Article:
Testing React custom hook - how to mock useContext value with Jest

Recently, I’ve had to write a test for a react custom hook with Jest and react-hooks-testing-library that uses useContext. It was certainly not straight forward to figure out how to mock useContext and the values that it returns - at least for me. Fortunately, I was able to write the test to write about it in this post :)


I’ve built a prototype in CodeSandbox that somewhat resembles my use-case. The prototype is super simple - users can add expenses and see those in a list. It’s the expense version of the todo app.

Let’s look at the code of ExpensesContextProvider that fetches expenses in useEffect and passes the expenses as well as the state setter to the value.

// ExpensesContextProvider.js

import React, { createContext, useState, useEffect } from 'react';
import expensesPromise from './expensesPromise';

export const expenseContext = createContext({});

export default function ExpensesContextProvider({ children }) {
  const [expenses, setExpenses] = useState([]);

  useEffect(() => {
    (async () => {
      const expensesFromPromise = await expensesPromise();

  }, []);

  return (
    <expenseContext.Provider value={{ expenses, setExpenses }}>

let’s look at the custom hooks that use these values and return a function to use as the event handler to the onSubmit event.

// useExpenses.js

import { useContext } from 'react';
import { expenseContext } from './ExpensesContextProvider';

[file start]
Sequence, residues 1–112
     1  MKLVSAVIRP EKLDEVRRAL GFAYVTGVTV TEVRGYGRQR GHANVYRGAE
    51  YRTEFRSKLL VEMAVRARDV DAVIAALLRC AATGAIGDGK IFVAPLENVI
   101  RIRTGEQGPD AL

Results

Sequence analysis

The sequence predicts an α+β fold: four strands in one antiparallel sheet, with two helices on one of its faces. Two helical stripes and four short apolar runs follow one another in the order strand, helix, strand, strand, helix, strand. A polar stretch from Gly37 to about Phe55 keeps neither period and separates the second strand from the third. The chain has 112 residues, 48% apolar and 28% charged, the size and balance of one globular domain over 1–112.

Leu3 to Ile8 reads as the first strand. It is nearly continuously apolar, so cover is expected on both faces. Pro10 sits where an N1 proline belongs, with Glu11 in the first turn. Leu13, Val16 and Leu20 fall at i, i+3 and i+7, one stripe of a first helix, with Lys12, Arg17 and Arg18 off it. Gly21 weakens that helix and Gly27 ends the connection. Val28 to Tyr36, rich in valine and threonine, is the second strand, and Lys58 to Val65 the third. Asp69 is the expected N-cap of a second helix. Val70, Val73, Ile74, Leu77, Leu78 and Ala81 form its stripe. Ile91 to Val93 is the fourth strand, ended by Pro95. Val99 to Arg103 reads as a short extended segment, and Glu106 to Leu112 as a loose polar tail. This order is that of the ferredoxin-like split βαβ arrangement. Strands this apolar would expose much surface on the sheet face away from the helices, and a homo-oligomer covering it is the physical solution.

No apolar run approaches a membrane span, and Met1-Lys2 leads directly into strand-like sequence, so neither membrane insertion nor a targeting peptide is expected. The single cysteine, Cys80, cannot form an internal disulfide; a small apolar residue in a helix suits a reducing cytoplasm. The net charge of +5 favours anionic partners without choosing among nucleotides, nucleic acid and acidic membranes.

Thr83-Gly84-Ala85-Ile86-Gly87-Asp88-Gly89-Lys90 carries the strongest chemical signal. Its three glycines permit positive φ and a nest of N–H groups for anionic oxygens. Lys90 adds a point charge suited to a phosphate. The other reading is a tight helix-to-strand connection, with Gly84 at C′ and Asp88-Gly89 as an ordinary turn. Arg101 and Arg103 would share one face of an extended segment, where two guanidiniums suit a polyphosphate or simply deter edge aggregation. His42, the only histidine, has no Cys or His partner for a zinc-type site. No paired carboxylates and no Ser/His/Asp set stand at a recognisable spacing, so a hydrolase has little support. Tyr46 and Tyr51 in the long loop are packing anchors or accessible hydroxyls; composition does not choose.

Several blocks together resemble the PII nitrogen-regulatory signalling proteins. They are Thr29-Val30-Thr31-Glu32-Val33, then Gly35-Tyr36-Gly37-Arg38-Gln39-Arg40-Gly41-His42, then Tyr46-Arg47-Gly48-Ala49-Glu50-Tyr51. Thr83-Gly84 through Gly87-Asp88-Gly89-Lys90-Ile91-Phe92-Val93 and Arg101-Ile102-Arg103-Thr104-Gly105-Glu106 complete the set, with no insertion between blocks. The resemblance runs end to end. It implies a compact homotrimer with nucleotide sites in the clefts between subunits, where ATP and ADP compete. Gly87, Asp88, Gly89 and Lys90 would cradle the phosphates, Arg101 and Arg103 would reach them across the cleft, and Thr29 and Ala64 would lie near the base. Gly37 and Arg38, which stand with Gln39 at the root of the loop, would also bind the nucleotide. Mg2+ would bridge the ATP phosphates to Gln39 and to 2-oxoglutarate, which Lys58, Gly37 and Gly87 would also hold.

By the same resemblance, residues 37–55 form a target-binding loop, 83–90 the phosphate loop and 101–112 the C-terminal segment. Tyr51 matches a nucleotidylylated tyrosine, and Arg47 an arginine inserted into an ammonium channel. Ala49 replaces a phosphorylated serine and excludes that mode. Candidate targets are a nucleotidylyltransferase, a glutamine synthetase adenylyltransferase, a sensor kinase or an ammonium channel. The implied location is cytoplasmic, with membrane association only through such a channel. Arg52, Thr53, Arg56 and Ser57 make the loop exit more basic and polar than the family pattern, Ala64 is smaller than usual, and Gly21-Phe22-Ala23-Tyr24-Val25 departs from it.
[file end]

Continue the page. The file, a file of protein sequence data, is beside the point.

const useExpenses = () => {
  const { expenses, setExpenses } = useContext(expenseContext);

  const addExpense = expense => {
    setExpenses([...expenses, expense]);

  return { addExpense };

export default useExpenses;

We’re going to write a test for the above custom hook.

The test

I’ll explain the testing process step by step. First, we import all the needed dependencies.

import React from 'react';
import { renderHook } from '@testing-library/react-hooks';
import useExpenses from '../useExpenses';
import { expenseContext } from '../ExpensesContextProvider';

According to the guide in the react-hooks-testing-library documentation, we need to provide a wrapper with the context provider. Let’s make the wrapper.

const ExpensesContextProvider = ({ children }) => (

const wrapper = ({ children }) => (

Now. we’ll mock the useContext and provide a mock implementation. In our case, it also provides state setter. We need to mock that as well.

let resultExpense = [];

const mockSetExpenses = jest.fn().mockImplementation(expense => {
  resultExpense = [...expense];

  return resultExpense;

const mockUseContext = jest.fn().mockImplementation(() => ({
  expenses: [],
  setExpenses: mockSetExpenses,

React.useContext = mockUseContext;

The benefit of making setExpenses is that we’ll be able to test if it gets called or not and the number of times it gets called and so on.

Then, we’ll write assertions.

describe('useExpenses', () => {
  it('should add expense', () => {
    const { result } = renderHook(() => useExpenses(), { wrapper });


      id: '1',
      item: 'p',
      price: '2',


You can see the file here.

I acknowledge that the example follows unnecessary complexity but I hope that you get the general idea of how to mock useContext in react custom hook :)

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Kamal Sharif
Hi, I'm Md. Kamal Sharif. I'm a senior frontend developer based in Dhaka, Bangladesh.

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